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Are We More Productive?

By Andrew White | August 10, 2016 | 0 Comments

ProductivityMRP/MRP IIERPemail

Ask yourself this question: concerning what you do at work, have you become more productive, say in the last year? What about the last three years?  What about looking back 10 years?  If you have significantly changed your job, you may not be able to answer the question since you may not know how the work of today was executed 5 or 10 years ago.

Before you blurt out the perfunctory, “Of course I am!” I’d like to point out for your consideration that doing email over dinner, in the bathroom, or first thing after you wake up, is not increased productivity.  These are examples of increased output: the effort or input needed to “do” email remains the same.

More interestingly think back to the mid-1980s when email was first used inside firms?  Do you still remember the excitement when that system was rolled out?  It truly was amazing to be able to communicate with others in a company, perhaps in different locations, in minutes.

Such innovations did improve productivity at that time since the new inter-company email replaced the traditional interoffice snail-mail.  Then email started to flow between firms and what we now see today is virtually unchanged to what was unleashed on business back then.  So here is the point:

Can you name a specific technology and innovation and how it improved your personal productivity?  That is, the ratio of output to input was increased?

Email was really an application of the computer.  Electronically sending and receiving email replaced typed and written documents.  Email and the attendant computers democratized a major form of communication: displaced what was then the office secretary, pneumatic systems and trolleys; and dramatically improved the output/input ratio.  But would all emails sent and received today have been written or typed up as letters in 1988?  Are they all high value-add?  What degree of email is actually noise, actually reducing overall productivity, as they suck up your time reading and deleting them?

Conceptually email has not changed in its form of creation and consumption for almost 30 years.  Sure, you used to sit at a monitor at your desk to read it, and now you might read that email on a smart phone as you zip across the pond. But that email was likely typed as it was in 1985 and it was read by the same eyes, only those eyes squint more now than they did 30 years ago!

Twitter is not going to improve productivity of email.  It might replace some email.  It is nothing other than a short-form of email.  The bulletin-board nature of Twitter is cool but again won’t change the fundamental output/input equation.  In fact, speaking personally, it seems I do more email than ever before and now add to that Twitter posts.  So more work again, but not improved productivity.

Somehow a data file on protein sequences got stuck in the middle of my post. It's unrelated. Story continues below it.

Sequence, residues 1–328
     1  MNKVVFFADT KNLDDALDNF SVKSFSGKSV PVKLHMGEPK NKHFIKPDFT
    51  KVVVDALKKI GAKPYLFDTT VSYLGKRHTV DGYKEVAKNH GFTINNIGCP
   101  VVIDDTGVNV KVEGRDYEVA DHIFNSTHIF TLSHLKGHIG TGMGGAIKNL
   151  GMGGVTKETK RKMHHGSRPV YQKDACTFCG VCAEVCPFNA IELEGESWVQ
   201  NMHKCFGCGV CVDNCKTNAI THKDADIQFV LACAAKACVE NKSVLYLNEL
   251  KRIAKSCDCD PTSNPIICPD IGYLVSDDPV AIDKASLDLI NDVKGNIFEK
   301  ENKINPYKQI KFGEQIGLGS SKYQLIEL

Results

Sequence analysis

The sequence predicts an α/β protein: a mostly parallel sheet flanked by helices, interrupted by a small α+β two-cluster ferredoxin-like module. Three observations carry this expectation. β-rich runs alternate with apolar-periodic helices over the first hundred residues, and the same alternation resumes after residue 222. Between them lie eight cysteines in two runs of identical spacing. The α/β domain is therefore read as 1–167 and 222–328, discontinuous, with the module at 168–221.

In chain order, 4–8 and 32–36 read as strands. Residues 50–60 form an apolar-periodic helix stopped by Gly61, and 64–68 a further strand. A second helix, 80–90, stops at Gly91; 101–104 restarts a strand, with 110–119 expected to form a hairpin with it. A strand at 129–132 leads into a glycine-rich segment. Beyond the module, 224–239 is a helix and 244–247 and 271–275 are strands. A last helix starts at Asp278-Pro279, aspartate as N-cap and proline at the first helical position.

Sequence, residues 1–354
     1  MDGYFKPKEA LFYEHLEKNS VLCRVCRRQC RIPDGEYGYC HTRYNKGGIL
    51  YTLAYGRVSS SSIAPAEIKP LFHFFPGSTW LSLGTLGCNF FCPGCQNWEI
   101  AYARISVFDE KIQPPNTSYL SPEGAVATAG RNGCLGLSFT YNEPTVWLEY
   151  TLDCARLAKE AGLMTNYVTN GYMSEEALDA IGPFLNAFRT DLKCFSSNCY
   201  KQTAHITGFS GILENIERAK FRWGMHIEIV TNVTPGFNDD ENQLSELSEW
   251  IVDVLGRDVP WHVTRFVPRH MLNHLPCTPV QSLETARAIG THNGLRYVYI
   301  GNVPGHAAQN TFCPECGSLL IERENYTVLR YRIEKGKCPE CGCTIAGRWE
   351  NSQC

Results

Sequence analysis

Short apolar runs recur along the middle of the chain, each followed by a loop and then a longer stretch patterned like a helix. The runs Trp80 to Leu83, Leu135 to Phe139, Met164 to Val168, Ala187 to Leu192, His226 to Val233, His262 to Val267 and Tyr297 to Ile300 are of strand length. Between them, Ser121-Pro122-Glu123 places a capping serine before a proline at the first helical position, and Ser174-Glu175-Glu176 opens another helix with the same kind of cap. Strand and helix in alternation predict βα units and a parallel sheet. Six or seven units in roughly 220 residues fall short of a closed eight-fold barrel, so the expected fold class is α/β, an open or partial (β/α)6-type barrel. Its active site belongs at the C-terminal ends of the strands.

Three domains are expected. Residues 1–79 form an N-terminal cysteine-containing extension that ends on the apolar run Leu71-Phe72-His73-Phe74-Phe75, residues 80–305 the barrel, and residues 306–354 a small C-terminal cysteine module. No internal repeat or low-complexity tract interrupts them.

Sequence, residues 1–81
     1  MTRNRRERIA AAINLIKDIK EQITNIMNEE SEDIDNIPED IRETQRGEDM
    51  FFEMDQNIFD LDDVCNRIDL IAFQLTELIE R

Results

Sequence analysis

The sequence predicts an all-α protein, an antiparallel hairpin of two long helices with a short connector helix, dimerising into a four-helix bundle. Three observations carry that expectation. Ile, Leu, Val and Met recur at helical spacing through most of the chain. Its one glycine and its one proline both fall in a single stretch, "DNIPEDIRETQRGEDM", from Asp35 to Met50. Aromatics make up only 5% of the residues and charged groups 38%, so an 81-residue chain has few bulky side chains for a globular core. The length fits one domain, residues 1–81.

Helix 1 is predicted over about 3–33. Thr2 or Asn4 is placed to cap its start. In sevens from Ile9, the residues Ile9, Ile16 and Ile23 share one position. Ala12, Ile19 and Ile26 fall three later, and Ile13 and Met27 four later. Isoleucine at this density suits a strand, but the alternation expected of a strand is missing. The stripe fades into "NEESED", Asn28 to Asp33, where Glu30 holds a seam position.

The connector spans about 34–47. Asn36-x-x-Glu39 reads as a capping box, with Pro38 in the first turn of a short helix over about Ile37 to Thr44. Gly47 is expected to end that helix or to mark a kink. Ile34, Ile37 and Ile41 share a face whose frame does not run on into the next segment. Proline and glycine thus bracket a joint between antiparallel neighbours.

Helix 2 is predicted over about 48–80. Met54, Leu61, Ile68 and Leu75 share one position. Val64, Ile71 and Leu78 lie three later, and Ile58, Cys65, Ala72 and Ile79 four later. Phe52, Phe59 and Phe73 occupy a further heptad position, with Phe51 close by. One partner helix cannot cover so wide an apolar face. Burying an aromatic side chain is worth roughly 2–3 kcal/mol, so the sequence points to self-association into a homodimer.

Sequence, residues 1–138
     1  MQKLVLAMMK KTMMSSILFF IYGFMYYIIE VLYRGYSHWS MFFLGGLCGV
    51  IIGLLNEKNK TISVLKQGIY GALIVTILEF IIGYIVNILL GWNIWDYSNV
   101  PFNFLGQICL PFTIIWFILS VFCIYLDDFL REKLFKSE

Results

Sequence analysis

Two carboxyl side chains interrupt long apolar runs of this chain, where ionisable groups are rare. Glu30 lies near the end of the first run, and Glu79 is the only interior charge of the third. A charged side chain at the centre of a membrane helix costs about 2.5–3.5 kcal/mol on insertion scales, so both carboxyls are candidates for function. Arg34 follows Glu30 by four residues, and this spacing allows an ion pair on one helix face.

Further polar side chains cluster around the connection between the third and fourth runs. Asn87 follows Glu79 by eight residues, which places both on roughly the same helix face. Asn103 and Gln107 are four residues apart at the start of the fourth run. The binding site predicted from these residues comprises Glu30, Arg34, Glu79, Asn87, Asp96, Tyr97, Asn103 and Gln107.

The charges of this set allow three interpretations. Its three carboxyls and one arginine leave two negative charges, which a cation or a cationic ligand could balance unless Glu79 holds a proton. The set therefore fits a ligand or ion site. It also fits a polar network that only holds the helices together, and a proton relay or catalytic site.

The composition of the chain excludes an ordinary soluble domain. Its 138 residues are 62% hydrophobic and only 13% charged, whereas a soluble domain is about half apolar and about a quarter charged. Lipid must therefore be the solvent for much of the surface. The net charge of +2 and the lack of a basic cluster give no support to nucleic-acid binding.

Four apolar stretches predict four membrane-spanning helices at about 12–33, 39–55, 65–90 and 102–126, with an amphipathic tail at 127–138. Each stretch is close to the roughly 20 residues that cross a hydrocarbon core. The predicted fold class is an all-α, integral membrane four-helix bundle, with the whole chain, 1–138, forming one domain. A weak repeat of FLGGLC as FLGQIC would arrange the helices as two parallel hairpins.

For some, dictation software might improve the output/input ratio for email.  It is easier to speak a letter than to type it.  But dictation software does not seem to have taken over the email market.  It is actually quite hard to dictate letters or reports without actually seeing the draft develop as you go with a screen.  So as it stands, verbally dictating emails does not seem to have driven increased email productivity.

Perhaps audio email might help?  As you probably know there are tools that will audibly enunciate your phone messages for you.  But responding to them is most likely limited to ‘call back’ rather than a differentiated communication capability.  Maybe you get your “voice mail” as an email now – how nice for you.

I was walking through a factory the other day.  I literally saw a factory worker ride past on a bicycle on his way to deliver parts to a production line.  I rode such a bike in the 1980’s on a different production line in a different country. Back then it was for parts to go on a sealing device that would help keep water out of a nuclear submarine.  The one I saw the other day was for another very large military object.

There are of course lots of good examples of innovation in manufacturing that has increased productivity over the years: numerical and then computer-controlled equipment for one; more recently robotics has further extended the output/input equation.  But MRP is still MRP; firms still plan pretty much the same basic way.

And so much money has gone into IT.  You would think with all the gadgetry going around we would be hugely more productive.  But I put it to you that we are not able to show this ongoing improvement.  A basic step-change in productivity did take place some years ago with ‘computing’ and some other innovations were spun out from that.  Research differs slight as to this “up-wave” period but it tends to be agreed somewhere around late 1950’s through to the early 1970’s.  But email is still email; writing and reading a report is still writing and reading a report.

For all the cool apps on your smart-phone app store, are we really increasing productivity or simply moving the bits around on the same size plate?

 
Sent from my iPad using Mail+ for Outlook

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